Recent decades have seen a marked international rise in populist movements (Moffitt 2016). Although populism as a phenomenon remains difficult to define, a central feature is the self-identification of populist movements as representing “the people” against various perceived threats, often targeting either political and economic elites or groups thought to be cultural outsiders (Mudde & Kaltwasser 2018; Inglehart & Norris 2017; Kyle & Gultchin 2018). Populism is not an inherently negative term, and the rhetoric of populism often expresses what appears to be a genuinely democratic sentiment, that government should represent the will of the people (Rousseau 1987, Richardson 2002). In addition, populist movements can bring to light legitimate grievances from the periphery with sufficient force to require attention and change by those holding power (Laclau 2005, Mouffe 2018).
In practice, contemporary populist movements on both the right and the left display distinct antidemocratic tendencies, and in particular instances have contributed to forms of competitive authoritarianism at odds with the contemporary norms of democratic governance (Levitsky & Way 2010). Rather than strengthening democratic governance, the recent rise of populisms in many instances seem rather to be contributing to a slowing or even reversal of the spread of democracy globally (Diamond 2015; Mounk 2019).
The Populism and Recovery of Intellectual Virtues Project aims to explore the phenomenon of populism in relation to ongoing work on the intellectual virtues and virtue epistemology, epistemic democracy, and deliberative democracy. The late 20thcentury revival of interest in moral virtues contributed to renewed interest in intellectual virtues as a possible solution to existing problems in epistemology (Sosa 1991; Zagzebski 1996; Roberts & Wood 2007; Battaly 2008; Greco 2010). Although elements of this work appears to accord well with empirical psychology and decision-science, the rich literature on cognitive biases, framing, and situational effects raises important questions concerning the reliability and even the existence of intellectual virtues (Stanovich 2011; Frankish 2010; Fairweather & Alfano 2017). Whether intellectual virtues exist and the extent to which they can be learned or constrained is a central question for justifications of democracy that rely on the claim that democratic forms of governance are superior due to their ability to arrive at better judgments based on the “wisdom of the crowd” (Aristotle 1998, Cohen 1986, Goodin and Spiekerman 2018). Intellectual virtues such as open-mindedness and intellectual humility also stand to play an important role in conceptions of deliberative democracy (Gutman and Thompson 1996, 2004; Samuelson & Church 2015). Although not all justifications or conceptions of democracy depend explicitly on conceptions of intellectual virtues, the ability or inability of societies to influence the cultivation and distribution of intellectual virtues and vices has important implications for the understanding of basic democratic institutions.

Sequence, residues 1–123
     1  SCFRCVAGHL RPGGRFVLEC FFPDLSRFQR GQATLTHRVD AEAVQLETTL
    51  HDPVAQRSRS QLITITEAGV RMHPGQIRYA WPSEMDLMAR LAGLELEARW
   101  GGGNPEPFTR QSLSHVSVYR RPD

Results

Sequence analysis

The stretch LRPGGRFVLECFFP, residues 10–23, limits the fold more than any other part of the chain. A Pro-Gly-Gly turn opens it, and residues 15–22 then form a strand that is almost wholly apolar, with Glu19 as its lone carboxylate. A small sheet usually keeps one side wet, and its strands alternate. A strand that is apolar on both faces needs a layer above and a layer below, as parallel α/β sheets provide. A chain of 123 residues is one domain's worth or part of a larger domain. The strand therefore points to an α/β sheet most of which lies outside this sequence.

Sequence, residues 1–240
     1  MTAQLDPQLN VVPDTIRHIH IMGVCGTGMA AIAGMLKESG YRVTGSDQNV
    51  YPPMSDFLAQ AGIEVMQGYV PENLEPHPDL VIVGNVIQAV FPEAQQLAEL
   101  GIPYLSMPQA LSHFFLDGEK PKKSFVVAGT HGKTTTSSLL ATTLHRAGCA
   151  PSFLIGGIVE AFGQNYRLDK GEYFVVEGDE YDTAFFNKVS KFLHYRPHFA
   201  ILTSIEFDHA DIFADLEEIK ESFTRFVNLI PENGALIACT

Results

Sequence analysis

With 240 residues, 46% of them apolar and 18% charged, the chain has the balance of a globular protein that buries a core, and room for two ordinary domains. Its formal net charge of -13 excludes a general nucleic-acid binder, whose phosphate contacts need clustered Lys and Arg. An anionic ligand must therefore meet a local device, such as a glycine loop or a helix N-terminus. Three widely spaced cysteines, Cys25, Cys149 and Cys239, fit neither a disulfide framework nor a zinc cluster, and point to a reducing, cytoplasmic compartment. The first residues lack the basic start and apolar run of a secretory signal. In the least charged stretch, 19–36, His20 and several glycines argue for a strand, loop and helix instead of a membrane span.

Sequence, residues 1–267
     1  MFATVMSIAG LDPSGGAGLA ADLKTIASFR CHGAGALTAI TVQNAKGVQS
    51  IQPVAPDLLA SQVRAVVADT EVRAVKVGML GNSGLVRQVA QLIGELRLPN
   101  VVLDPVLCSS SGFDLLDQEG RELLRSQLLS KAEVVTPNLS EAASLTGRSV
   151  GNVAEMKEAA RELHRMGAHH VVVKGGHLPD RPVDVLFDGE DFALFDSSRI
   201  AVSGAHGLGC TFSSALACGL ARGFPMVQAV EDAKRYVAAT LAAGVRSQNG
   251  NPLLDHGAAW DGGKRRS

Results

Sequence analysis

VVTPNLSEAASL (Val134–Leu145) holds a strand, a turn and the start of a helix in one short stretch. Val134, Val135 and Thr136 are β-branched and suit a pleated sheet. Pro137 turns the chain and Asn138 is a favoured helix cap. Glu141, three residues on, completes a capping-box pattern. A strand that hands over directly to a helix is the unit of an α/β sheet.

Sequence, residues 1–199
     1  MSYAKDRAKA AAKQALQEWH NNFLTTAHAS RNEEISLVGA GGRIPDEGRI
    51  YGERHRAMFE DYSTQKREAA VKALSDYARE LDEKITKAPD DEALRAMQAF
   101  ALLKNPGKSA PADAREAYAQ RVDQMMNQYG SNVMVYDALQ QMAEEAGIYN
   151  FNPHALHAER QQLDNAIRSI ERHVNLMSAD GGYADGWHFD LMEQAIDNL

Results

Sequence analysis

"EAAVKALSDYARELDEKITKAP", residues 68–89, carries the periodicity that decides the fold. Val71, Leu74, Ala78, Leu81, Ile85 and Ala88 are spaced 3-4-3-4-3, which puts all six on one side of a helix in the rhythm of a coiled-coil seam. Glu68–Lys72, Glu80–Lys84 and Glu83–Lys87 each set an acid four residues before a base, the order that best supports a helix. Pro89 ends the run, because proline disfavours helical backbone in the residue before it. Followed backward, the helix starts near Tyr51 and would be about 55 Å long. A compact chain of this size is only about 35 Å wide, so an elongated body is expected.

On the one hand, there may be particular intellectual virtues associated with particular forms of populism, implying some value in the contrasts that populisms draw between ‘the people’ and perceived opposing forces. On the other, forms of populism may be associated either with the absence of specific intellectual virtues or the presence of specific vices. Such questions are partly empirical and partly normative and conceptual. The goal of the project is to explore these and related questions in order to support scholarship and public understanding both of populist movements and the possible roles of intellectual virtues in democratic functioning.